The country’s previous hierarchical industrial policy approach allowed Korea to technologically “catch up” with other industrialized countries. Over the past decade, Korea has been transitioning from this bureaucratic approach to a new industrial policy model that is more inclusive of a broader range of actors, although these are mostly local. This new model has not always been successful and has encountered duplication of efforts.

Future upgrading will require a suitable institutional development, which effectively includes all actors from small and large firms alike, and R&D centers to universities and labor organizations from across all major economic sectors. These need to include both local and foreign entities to help absorb and contribute to the latest global discoveries.

2. Entrepreneurship
The most innovative countries today recognize the value of small and innovative service firms to their economic development and put in place policies to create a conducive environment for their emergence and growth. Korea’s industrial policy environment has long emphasized manufacturing over services, and prioritized large firms over small. This compounds the challenges for creating the new knowledge-based services firms for the future.

The local regulatory environment remains significantly more stringent for services than manufacturing. In 2013, there were four times as many regulations for services, according to the OECD.  The Korean government needs to play a facilitating role in establishing creative hubs that can be hotbeds for the emergence of new ideas, while supported by policies that make core procedures for setting up and running a business easy.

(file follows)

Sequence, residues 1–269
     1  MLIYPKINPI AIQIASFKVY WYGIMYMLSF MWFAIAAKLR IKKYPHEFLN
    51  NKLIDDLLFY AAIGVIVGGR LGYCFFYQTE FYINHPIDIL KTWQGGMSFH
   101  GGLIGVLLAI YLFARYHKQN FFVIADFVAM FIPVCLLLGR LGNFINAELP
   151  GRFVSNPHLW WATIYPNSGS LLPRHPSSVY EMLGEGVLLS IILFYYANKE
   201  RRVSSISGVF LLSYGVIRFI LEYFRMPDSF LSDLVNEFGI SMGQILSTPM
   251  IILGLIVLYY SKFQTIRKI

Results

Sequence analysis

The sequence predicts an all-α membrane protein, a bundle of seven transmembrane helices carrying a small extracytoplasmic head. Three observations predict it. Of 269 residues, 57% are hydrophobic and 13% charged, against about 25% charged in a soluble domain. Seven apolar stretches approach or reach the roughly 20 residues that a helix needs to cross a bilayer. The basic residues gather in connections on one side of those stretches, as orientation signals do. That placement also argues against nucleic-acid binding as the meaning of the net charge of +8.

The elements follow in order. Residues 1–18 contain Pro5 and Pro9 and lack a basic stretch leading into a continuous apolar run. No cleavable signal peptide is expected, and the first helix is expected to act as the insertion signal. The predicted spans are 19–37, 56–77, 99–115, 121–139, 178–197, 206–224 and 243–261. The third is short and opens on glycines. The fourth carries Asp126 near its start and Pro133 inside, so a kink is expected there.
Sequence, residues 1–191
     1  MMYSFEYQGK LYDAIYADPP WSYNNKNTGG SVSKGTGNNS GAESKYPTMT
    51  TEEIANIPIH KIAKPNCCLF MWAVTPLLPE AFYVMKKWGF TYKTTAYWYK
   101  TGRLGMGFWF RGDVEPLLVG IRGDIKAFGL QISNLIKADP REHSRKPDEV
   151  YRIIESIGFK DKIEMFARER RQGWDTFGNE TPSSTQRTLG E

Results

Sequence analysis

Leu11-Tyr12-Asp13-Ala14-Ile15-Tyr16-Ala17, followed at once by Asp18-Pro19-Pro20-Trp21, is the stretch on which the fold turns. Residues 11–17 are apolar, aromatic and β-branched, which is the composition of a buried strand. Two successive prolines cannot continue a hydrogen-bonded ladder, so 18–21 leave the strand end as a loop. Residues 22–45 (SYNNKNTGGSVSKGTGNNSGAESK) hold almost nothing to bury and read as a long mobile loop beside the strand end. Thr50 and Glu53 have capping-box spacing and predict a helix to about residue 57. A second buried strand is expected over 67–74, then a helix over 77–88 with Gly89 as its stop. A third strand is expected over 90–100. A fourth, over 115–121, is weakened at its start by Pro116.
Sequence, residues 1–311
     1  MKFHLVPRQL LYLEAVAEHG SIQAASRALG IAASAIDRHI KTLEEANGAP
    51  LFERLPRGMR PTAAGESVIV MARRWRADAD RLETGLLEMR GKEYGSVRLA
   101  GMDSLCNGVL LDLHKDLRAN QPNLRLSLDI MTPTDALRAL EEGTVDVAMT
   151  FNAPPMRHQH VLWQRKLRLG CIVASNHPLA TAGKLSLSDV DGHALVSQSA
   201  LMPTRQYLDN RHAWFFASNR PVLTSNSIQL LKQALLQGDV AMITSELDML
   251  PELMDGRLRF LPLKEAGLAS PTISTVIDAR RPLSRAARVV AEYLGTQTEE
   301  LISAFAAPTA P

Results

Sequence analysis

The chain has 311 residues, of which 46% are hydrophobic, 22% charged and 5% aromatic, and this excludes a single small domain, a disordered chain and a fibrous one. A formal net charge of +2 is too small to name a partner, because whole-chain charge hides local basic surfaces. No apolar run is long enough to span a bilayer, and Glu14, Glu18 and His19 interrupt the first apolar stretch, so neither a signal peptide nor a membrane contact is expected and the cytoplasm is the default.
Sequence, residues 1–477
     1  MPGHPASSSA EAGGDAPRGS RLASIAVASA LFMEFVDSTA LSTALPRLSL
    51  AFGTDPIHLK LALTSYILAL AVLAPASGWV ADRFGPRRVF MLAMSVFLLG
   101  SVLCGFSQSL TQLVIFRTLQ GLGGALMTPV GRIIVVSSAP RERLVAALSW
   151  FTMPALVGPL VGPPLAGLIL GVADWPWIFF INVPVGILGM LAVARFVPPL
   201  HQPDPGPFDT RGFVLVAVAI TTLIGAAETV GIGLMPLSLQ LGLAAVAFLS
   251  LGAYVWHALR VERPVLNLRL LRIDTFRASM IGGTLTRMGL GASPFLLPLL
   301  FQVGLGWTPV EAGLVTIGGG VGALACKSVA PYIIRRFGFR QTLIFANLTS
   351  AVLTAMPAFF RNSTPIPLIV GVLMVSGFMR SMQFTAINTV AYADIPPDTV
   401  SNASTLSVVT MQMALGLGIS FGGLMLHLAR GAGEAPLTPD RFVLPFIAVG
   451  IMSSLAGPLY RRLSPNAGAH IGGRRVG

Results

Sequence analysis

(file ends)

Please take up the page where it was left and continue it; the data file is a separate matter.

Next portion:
3. Innovation Systems and Human Capital
Korea needs a well-structured innovation system with a focus on incentivizing cutting-edge research, developing the right types of human capital, and promoting mechanisms for the adoption and diffusion of new knowledge and technological capabilities to business. Service provision relies on an entirely different set of skills from those that make countries and firms great manufacturers. Thus education systems need to develop people with the skills to create software that enables increased automation and connectivity as well as people who know how to use technology to analyze and interpret data.

Currently, about three-quarters of business-sector R&D is carried out in high and medium-high technology manufacturing industries, primarily within the electronics and automotive sectors. Korean firms in these industries have well-established private R&D operations while universities contribute less than 1% of R&D funding. A key challenge for the country, therefore, will be to re-orient its public R&D systems toward a more balanced approach with a stronger focus on universities and international collaborations.

Stacey Frederick and Penny Bamber are researchers at the Duke University Global Value Chains Center. Learn more about the Center’s research carried out for the Korea Institute for Industrial Economics (KIET) at the following link. The Center will be continuing to collaborate with KIET on research projects.